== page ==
Sporting a black eye, pope urges Colombians to reconcile

2017-09-11 08:36
Pope Francis, sporting a shiner, celebrates Mass in the area of Contecar harbour in Cartagena, Colombia. (Andrew Medichini, AP)

Pope Francis, sporting a shiner, celebrates Mass in the area of Contecar harbour in Cartagena, Colombia. (Andrew Medichini, AP)

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Cartegena - Pope Francis wrapped up his Colombia trip Sunday by honouring a fellow Jesuit who ministered to African slaves and urging Colombians today to follow his lead in working for a more peaceful future.

Francis' visit to Cartagena got off to a rocky start when he bonked his head on his popemobile when it stopped short amid swarms of well-wishers. Francis, who had only a hip-high bar to hold onto, lost his balance and suffered a bruised, black left eye and a cut on his eyebrow that dripped blood onto his white cassock.

The cut was quickly bandaged with a butterfly patch and Francis carried on without incident with his programme, sporting a shiner that got increasingly dark as the day wore on.

The highlight of the day was a very personal stop for the Jesuit pope: He prayed at the tomb of St Peter Claver, the 17th century missionary who ministered to hundreds of thousands of African slaves who were brought through Cartagena's port during Spanish colonial times to be sold.

Francis, known for his own simple and austere style, said Claver was "austere and charitable to the point of heroism".

Claver, the self-described "slave of the slaves forever", has been revered by Jesuits, popes and human rights campaigners for centuries for having insisted on recognising the inherent dignity of slaves, treating them as children of God when others considered them mere merchandise to be bought and sold.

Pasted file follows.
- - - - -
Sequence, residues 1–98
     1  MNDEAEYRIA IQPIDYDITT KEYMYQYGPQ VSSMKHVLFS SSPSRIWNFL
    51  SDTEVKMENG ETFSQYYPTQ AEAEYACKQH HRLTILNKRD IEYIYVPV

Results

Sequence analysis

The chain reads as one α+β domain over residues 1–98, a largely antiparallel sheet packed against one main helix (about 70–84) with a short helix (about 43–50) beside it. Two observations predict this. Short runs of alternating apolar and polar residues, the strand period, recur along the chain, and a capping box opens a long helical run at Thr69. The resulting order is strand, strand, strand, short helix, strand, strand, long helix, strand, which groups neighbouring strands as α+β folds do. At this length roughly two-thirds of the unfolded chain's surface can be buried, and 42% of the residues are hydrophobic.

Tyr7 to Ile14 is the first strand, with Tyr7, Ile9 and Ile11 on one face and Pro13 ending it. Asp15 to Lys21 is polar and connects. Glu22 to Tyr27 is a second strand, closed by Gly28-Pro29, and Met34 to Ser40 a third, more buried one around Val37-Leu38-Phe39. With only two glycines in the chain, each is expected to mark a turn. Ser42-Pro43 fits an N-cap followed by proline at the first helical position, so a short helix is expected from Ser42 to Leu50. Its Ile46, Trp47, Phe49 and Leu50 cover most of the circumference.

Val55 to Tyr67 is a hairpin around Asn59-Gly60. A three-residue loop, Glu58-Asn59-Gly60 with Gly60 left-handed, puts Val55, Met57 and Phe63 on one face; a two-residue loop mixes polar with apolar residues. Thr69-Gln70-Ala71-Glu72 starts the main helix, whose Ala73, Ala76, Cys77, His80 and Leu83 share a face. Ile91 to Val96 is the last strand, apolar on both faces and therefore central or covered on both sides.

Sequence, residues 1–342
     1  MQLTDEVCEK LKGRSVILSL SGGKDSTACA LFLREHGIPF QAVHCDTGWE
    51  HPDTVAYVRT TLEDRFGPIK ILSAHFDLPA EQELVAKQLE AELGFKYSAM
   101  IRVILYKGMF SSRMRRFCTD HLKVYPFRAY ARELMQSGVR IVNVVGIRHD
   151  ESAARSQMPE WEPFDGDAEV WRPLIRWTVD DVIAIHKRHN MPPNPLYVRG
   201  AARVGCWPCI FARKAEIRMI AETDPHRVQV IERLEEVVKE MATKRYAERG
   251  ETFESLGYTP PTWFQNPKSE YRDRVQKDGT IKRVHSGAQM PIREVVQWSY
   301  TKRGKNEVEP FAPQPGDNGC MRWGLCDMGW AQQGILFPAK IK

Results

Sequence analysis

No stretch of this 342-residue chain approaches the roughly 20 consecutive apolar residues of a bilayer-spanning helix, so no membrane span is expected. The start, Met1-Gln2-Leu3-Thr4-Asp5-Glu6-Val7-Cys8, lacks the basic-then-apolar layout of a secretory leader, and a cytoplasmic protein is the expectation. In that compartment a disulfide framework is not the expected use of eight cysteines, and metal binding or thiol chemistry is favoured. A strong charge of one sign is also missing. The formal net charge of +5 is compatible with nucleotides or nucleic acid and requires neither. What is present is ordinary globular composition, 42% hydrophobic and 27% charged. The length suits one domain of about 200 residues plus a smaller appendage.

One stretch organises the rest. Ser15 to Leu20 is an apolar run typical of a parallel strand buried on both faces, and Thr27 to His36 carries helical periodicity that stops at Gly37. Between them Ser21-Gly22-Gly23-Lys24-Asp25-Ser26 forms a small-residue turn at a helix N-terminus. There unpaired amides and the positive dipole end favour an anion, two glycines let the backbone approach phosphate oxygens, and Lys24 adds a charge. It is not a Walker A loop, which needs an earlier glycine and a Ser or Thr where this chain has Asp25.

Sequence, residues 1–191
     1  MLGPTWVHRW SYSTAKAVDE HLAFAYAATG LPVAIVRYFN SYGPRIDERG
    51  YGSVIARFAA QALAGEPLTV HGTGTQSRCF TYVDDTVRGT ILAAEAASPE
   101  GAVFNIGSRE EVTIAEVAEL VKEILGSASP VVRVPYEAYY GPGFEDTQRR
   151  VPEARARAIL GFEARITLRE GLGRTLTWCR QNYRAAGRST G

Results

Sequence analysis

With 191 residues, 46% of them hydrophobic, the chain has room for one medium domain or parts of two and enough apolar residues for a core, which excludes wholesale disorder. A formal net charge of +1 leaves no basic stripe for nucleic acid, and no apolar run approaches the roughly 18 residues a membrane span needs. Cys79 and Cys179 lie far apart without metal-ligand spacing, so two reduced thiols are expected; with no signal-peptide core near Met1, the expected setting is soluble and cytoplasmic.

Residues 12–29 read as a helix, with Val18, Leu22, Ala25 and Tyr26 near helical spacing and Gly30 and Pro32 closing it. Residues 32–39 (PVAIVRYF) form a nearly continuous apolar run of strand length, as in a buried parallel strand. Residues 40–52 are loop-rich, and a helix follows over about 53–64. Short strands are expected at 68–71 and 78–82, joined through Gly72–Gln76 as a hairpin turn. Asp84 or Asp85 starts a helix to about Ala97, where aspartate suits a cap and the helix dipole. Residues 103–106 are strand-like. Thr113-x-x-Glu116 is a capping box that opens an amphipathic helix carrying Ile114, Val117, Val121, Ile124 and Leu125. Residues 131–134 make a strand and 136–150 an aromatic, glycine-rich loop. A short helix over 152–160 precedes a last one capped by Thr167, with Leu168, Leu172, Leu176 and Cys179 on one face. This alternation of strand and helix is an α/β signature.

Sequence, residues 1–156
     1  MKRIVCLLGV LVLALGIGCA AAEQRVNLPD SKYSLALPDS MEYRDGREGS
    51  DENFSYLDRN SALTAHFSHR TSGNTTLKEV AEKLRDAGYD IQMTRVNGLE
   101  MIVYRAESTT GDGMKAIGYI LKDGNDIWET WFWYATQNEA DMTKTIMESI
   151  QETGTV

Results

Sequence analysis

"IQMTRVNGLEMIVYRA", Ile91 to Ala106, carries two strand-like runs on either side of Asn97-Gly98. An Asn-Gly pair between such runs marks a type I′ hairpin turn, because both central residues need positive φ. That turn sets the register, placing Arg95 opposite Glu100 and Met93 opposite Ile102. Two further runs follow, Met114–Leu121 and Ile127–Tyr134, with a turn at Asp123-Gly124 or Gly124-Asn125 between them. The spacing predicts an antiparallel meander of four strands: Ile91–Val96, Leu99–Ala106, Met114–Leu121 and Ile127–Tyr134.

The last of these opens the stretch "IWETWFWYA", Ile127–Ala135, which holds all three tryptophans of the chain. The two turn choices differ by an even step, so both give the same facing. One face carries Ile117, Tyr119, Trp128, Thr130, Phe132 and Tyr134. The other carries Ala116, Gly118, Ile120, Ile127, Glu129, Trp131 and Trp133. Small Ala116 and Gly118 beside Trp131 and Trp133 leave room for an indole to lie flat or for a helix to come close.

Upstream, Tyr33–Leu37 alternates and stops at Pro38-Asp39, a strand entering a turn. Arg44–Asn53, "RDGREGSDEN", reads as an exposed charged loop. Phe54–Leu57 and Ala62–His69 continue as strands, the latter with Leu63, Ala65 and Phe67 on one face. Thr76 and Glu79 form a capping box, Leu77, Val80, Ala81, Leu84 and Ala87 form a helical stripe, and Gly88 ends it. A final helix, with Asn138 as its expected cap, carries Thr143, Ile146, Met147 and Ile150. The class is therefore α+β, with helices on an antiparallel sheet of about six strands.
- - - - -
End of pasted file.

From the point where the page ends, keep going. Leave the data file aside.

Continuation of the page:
"Be slaves of peace forever," he said in a final appeal at the end of Mass in Cartagena's port.


Francis had refrained until Sunday from speaking out about the political and humanitarian crisis next door in Venezuela.

But in remarks added into his Sunday prayer, Francis called for an end to political violence in Venezuela and protection for the poor who have been most hurt by the crisis.

While the appeal was welcomed, many in the crowd were more taken by Francis' mishap on the popemobile and his bruised and bloody eye.

"This holy blood is staying in Colombia," said Ricardo Morales, a lawyer who lined up outside St Peter Claver's church for a glimpse of the pope. 

Read more on:    pope francis  |  colombia  |  religion

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